History reminds us that the Late General Sani Abacha frantically attempted to metamorphosed into a ‘bloody’ civilian president, but the scheme only enriched some sycophants and ‘economic parasite cum cankerworm’, while the schemer himself was consumed or he hastily existed from the stage before the curtain was drawn. Somewhat, he had to pay for his dictatorship with his life. Regardless of the five-million-man match in support of General Abacha’s status-translation or transformation agenda, the wish of the over 100 million other Nigerians then prevailed. The saying that the pen was mightier than the sword was very famous and popular then.
The will of the people became more forceful and fruitful than the brutal force of the armoured personnel carrier or armoured tank. This must be very far from docility; it must have been resilience.
In spite of the epochal military-civilian power shift anchored by General-turned-Chief Olusegun Obasanjo in 1979, he could not scale through the hurdle of attempted manipulative third-terrorism. His appeared to be a case exemplifying the Yoruba aphorism that the man who is being chased by a masquerade should persevere, because just as masquerades get weary so do humans. The masquerade of Owu ran fast, far and wide but he was wearied by the resilience of a people who could draw the line between emotion and reason. There are African countries where their presidents have held on to power for three decades at a stretch. In fact, Africa is blessed with the world’s oldest and longest serving president at age 92. Third term bid was cleverly manipulated in Burundi (the world’s saddest nation going by a 2015, University of Columbia Survey) by Pierre Nkuruziza, who is still tenaciously hanging on regardless of more than 400 needless deaths.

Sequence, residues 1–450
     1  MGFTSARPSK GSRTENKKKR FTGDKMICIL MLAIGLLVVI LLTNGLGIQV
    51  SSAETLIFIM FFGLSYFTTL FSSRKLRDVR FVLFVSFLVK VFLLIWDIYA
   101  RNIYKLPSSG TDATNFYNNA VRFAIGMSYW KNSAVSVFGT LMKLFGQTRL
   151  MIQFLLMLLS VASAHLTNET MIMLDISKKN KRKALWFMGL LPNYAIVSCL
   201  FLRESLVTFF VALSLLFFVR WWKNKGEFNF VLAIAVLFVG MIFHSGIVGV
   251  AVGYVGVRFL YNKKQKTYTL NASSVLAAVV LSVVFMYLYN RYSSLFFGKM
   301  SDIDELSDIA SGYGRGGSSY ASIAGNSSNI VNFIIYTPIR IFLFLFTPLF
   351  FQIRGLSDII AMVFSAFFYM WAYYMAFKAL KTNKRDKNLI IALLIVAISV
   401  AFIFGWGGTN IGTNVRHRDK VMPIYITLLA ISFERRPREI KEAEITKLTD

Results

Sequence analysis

I do think that our resilience, love for life, peace and sanctity of human life as a people (excluding of course pockets of bloodless terrorists and cold-blooded murderers) make it look like we are docile, but I think seriously we are not a docile people. If you still have doubts, listen to radio station, dissect comments, you need no further conviction that Nigerians are not docile (stupidly quiet). Find out the response of Nigerians to government policy, you soon find out that Nigerians are not easily pushed around for long. At least the Maradonas of Nigerian politics or military know this. Many dribbles have come to abrupt and dead ends sooner than planned.
If Nigerians are easily controlled at all, it must have been the level of functional education of the elites most of who dominate the class of commentators and reactors to governance and government policies. Education makes a people easy to lead, but difficult to drive; easy to govern, but impossible to enslave, asserts Henry Peter Brougham. I think this is the case with Nigerians, who are resilient but not docile in my opinion. What do you think? Are you a docile or resilient Nigerian?
Mr. Jimo, a public affairs analyst, writes from [email protected]